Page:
Photo courtesy of Amazon
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Amazon Sets Ambitious Safety Plans

Aug. 24, 2021
Following months of record-setting growth and profits, the company is investing more heavily in worker safety.

Amazon, known for its Prime two-day delivery, is now focused on delivering health and wellness interventions to its employees.

The need couldn’t be more urgent.

2020 brought to a head multiple workforce issues—everything from COVID-19, mental health and addiction struggles, social injustices and systemic racism. And that’s in addition to persistent workplace concerns, such as reducing incidents of slips, trips and falls.

The past year and a half has been a busy time for Amazon, to say the least. Amazon’s global network of more than 175 warehouses, known as fulfillment centers, and extensive delivery infrastructure allowed customers to purchase essentials, and everything else, from the safety and comfort of their homes.

This increased demand drove record-setting growth and profits for the company. In Q4 2020, Amazon recorded its first-ever quarterly total revenue in excess of $100 billion, a record that it subsequently surpassed in Q1 and Q2 2021.

Revenue is not the only area where the company has seen massive growth. In 2020, Amazon’s global workforce grew by more than 50% from the previous year. Amazon now boasts a global workforce of 1.3 million, and a U.S. workforce of about 950,000. Those figures don't account for the hundreds of thousands of seasonal or temporary workers or third-party contractors. The company is now the second-largest private employer in the U.S. and is expected to surpass Walmart, the current leader, in a year or two.

That has presented a massive challenge for keeping Amazon workers safe, from new hire training to ongoing support for current employees, all the while trying to mitigate the spread of COVID-19.

Jeff Bezos, Amazon’s founder and executive chairman, acknowledged some of the company’s shortcomings in a March 5 letter to stakeholders. “Despite what we’ve accomplished, it’s clear to me that we need a better vision for our employees’ success,” he wrote. “We have always wanted to be Earth’s Most Customer-Centric Company. We won’t change that. It’s what got us here. But I am committing us to an addition. We are going to be Earth’s Best Employer and Earth’s Safest Place to Work.”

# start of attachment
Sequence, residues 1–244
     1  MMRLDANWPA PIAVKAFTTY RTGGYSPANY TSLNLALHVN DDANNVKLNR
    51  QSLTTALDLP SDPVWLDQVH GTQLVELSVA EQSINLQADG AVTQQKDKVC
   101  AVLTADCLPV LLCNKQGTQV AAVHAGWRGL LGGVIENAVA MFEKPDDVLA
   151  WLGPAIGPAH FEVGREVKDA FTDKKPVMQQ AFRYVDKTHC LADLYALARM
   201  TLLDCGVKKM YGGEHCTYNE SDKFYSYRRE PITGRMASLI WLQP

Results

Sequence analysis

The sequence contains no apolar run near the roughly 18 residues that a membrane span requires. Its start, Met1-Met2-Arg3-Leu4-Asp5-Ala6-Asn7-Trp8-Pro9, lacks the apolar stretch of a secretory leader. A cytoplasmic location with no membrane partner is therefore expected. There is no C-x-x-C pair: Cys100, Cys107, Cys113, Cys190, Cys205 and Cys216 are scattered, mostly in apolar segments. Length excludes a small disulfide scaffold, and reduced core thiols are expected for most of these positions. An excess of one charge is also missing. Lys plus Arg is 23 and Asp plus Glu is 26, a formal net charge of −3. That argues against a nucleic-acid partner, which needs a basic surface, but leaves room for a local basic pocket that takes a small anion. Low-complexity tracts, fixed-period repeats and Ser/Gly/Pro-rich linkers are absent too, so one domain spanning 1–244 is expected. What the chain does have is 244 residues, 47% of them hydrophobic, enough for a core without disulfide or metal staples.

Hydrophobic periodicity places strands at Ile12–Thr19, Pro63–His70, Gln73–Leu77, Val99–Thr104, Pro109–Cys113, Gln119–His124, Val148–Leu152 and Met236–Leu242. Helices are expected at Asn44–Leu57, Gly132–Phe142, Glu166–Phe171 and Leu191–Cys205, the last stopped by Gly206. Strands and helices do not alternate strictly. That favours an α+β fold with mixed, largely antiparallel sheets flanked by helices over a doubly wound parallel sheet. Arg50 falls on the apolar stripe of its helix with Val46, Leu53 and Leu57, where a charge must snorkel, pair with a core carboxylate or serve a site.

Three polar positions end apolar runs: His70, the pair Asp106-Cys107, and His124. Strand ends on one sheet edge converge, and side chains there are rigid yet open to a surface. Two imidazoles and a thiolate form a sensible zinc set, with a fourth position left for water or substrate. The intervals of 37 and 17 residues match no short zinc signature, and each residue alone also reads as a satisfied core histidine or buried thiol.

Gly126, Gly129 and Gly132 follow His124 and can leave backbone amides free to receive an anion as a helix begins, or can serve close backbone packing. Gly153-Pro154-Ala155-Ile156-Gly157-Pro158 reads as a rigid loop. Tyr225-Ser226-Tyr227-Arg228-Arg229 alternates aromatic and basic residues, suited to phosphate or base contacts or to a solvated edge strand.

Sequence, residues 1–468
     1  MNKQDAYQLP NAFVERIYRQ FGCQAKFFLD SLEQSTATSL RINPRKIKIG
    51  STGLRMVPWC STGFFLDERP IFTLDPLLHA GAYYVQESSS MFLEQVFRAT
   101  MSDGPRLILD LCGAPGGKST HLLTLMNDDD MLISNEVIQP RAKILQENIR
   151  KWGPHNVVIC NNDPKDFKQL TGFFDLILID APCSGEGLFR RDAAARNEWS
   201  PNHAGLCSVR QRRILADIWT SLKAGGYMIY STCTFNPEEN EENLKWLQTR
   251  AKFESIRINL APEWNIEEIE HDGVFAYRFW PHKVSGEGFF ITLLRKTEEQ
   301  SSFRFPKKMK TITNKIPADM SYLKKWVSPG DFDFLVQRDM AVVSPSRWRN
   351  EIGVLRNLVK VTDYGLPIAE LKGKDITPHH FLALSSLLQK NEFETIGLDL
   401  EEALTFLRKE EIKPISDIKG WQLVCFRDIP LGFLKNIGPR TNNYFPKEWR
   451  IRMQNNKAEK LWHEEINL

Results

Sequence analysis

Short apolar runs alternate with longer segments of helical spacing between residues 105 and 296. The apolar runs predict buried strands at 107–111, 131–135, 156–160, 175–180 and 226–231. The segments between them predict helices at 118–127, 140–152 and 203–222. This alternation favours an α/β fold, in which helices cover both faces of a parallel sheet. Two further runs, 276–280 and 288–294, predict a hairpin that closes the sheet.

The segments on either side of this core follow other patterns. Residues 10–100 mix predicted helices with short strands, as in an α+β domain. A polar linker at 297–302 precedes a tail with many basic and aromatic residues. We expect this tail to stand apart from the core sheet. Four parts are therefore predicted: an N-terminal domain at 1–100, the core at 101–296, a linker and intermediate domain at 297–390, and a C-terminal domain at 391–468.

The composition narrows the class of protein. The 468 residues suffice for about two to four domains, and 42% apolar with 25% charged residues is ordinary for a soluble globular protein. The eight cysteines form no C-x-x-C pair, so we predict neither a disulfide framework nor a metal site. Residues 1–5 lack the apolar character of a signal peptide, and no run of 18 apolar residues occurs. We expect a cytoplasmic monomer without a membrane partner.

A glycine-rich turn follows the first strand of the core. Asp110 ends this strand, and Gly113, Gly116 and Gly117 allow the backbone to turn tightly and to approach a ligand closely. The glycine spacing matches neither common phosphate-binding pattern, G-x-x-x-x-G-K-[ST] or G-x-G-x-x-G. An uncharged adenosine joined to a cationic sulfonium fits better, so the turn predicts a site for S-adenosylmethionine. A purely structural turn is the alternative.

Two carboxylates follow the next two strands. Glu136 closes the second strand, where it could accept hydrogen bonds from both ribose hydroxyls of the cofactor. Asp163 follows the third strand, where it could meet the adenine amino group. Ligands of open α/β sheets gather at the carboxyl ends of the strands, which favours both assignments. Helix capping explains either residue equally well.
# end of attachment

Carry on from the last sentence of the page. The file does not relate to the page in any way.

Bezos announced that in 2021 Amazon will invest more than $300 million into safety projects, including an initial $66 million to create technology that will help prevent collisions of forklifts and other types of industrial vehicles.

The motivation is simple, says Heather MacDougall, Amazon’s vice president of worldwide workplace health and safety. “Our employees are the heart and soul of our operations, so we’re working really hard every day to make sure, not only that they’re healthy and safe at work, but they feel deeply cared about, and they’re proud to work for Amazon,” she tells EHS Today.

Last year, Amazon spent $11.5 billion on COVID-19 safety measures. Some of those safety measures continue, and others are contingent upon COVID-19 cases and latest guidance from the Centers for Disease Control and Prevention (CDC). For example, Amazon announced in May that fully vaccinated workers no longer need to wear face masks unless mandated by local law; however, in August the company announced all warehouse employees, regardless of vaccine status, would need to resume wearing face masks. In July, the company announced it would stop testing workers for COVID-19 at its warehouses at the end of the month, citing the availability of vaccines and other free testing; however, the company could quickly and easily resume testing if needed since it built a lab and program in 2020.

Although Amazon is still navigating the pandemic, it is already setting its sights on other safety initiatives. Here is a detailed look at some of those efforts.

COVID-19 Vaccine Drives

Amazon is offering COVID-19 vaccines at more than 250 locations in 37 U.S. states and Canada. Frontline employees, contractors, member partners and, in some instances, their family members are eligible to receive vaccinations at the on-site drives, which typically last a day or two. As of late-May, the company said that more than 500,000 employees had access to these vaccine drives at fulfillment centers, sort centers, delivery stations, Amazon Web Services data centers and Whole Foods Market stores.

“We’re making it as easy as possible to get vaccinated,” MacDougall says. “As long as we continue to have employees who are not vaccinated and are seeking to be vaccinated, I think that we’ll continue these events.” She did not provide an estimate of how many people have elected to get vaccinated but says it is similar to the vaccination rate in the communities in which Amazon operates.